January 30, 2024

How to Become an Influencer: The Salt of the Earth

Presentation at AYC Conference in Australia calls young Adventists to reach out.

Marcos Paseggi, Adventist Review
Christiana Leimena, health ministry director of the Greater Sydney Conference of the Adventist Church, discusses the benefits and spiritual implications of salt at the Adventist Youth for Christ Conference in Melbourne, Australia, January 26. [Photo: Marcos Paseggi, Adventist Review]

A presentation on the second day of the 2024 Adventist Youth for Christ (AYC) Conference in Melbourne, Australia, raised a discussion of the importance of salt for human bodies and the profound spiritual lessons that result from Jesus’ description of His followers as “the salt of the earth.”

On the morning of January 26, Christiana Leimena, health ministry director of the Greater Sydney Conference of the Seventh-day Adventist Church, shared statistics and reflected on the implications for committed young Seventh-day Adventist members. She also encouraged young AYC attendees to get more involved in Adventist health ministry initiatives as a way of following in Jesus’ footsteps.

The Importance of Salt

Salt, or sodium chloride, is very important for health, and not only because it adds flavor to food, Leimena reminded AYC members. In Australia, the recommended intake is about 6 grams a day (2,300 milligrams of sodium), she said, but Australians eat on average 9 grams of salt each day. And 80 percent of it comes from processed foods, which can be detrimental to human health.

Salt has many essential uses and applications, Leimena emphasized. She mentioned that it contracts and relaxes muscles, conducts nerves impulses, and maintains a proper balance of water and minerals in the body. Beyond the human body, it preserves and flavors food, clean up spills, soothes a bee sting, and creates traction on frozen roads.

Beneficial to Others

But moving away from our everyday uses of salt, Leimena reminded AYC attendees that in Matthew 5:13, Jesus told His followers, “You are the salt of the earth.” “What did Jesus mean?” she asked. She answered, “That you and I are meant to be beneficial to others.”

In the following minutes, Leimena drew spiritual lessons from images related to salt consumption. First, she mentioned a saltshaker, which she compared to Jesus. “Jesus wants to sprinkle us … so we can give flavor to others,” she said. “If you salt an egg, the egg becomes salty, not the salt eggy.” Jesus was saying that He wants us to add season wherever we are, to an experience or the atmosphere at the time.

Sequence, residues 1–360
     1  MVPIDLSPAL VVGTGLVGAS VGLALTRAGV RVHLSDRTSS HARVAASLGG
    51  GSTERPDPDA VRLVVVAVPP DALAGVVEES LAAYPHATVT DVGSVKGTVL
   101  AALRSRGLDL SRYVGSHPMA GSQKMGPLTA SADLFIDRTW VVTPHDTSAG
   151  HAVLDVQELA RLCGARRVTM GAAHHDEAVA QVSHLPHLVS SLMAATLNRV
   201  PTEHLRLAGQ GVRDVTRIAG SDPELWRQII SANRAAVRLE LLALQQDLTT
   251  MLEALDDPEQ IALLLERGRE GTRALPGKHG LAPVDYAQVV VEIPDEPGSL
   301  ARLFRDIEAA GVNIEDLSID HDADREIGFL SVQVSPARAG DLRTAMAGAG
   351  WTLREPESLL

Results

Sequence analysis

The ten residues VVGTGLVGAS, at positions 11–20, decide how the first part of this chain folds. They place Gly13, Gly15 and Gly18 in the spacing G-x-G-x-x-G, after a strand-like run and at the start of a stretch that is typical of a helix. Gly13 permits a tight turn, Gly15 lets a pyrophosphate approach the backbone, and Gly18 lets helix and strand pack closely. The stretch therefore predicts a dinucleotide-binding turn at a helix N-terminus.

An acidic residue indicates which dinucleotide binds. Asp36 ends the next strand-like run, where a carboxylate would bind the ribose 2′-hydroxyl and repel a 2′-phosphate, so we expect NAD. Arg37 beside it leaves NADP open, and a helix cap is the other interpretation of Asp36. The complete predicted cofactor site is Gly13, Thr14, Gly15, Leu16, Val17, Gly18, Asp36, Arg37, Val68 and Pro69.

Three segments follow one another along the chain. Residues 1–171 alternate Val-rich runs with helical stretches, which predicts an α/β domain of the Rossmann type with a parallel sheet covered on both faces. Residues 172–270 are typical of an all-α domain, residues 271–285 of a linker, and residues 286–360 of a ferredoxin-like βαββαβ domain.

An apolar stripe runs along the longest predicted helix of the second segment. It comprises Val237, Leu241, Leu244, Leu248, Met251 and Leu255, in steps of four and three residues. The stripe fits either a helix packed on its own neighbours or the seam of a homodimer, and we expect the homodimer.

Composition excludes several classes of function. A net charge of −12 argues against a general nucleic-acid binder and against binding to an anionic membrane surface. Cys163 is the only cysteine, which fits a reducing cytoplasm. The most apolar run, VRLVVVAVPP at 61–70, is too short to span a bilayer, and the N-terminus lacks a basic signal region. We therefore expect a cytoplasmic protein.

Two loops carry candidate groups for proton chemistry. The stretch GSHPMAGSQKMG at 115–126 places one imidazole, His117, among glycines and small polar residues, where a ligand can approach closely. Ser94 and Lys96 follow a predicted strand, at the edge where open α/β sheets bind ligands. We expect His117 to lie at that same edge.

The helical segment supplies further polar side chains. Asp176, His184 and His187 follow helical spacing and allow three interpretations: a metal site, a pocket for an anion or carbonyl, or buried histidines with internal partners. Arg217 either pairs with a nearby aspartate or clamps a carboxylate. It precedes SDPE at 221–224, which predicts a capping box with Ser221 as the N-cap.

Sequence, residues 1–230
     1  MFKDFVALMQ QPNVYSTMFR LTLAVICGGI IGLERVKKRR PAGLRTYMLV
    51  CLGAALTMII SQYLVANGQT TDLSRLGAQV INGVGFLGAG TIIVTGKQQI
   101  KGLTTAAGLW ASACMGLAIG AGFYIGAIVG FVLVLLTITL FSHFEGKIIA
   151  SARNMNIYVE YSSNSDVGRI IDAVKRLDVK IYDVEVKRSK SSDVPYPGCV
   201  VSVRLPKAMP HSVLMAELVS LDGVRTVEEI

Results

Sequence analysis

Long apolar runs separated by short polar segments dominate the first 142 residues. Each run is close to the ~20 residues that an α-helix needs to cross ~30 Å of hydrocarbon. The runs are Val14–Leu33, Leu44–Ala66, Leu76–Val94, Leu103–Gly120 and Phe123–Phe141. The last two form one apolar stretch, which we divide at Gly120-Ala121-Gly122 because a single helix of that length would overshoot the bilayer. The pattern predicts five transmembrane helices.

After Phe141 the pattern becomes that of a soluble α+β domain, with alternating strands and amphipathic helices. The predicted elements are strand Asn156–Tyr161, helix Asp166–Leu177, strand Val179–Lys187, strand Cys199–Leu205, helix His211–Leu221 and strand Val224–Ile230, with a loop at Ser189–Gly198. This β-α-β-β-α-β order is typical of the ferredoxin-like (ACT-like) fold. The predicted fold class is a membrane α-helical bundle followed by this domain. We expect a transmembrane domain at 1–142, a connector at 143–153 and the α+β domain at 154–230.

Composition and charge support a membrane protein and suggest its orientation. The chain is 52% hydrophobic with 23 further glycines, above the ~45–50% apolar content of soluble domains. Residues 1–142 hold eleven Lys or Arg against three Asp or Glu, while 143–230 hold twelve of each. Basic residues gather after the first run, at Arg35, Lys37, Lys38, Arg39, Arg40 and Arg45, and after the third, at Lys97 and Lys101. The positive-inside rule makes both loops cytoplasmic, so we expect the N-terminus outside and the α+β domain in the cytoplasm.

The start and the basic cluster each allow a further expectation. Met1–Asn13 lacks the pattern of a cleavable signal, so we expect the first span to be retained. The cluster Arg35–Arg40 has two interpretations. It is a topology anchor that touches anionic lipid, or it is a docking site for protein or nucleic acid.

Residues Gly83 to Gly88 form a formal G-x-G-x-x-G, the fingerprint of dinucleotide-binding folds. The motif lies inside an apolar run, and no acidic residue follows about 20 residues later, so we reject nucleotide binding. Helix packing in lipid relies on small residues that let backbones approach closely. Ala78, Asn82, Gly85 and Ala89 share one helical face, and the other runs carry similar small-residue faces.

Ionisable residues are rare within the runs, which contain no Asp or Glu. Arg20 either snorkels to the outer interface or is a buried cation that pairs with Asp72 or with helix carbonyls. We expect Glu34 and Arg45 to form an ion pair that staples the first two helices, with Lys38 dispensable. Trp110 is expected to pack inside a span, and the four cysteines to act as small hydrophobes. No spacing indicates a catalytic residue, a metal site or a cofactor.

Leimena cautioned, however, that, as Jesus reminded His hearers on the Sermon on the Mount, salt can lose its flavor. There’s a spiritual lesson in this, she said, because the saltiness represents the love of Christ and His righteousness. Unlike salt, however, we can choose to share that saltiness — that love of Christ — with other people. First we need to make sure we ourselves spend time with our Savior, because “we cannot give to others what we do not possess,” Leimena said. God tells us, “Lean on Me, and I will make you salty. I will put the flavor in you, My flavor, Me, and then you will be salty.”

Another spiritual lesson comes from the fact that the salt in the saltshaker is useless unless it leaves the saltshaker and touches the thing it wants to flavor, Leimena said. “Contact must be made, and God wants us to be influencers by touching the live of others.” It’s what Jesus did when He was on this earth, she said. “He only had three years to be an influencer; it’s not a long time,” she said, “but He influenced His community and beyond by teaching, preaching, and healing.”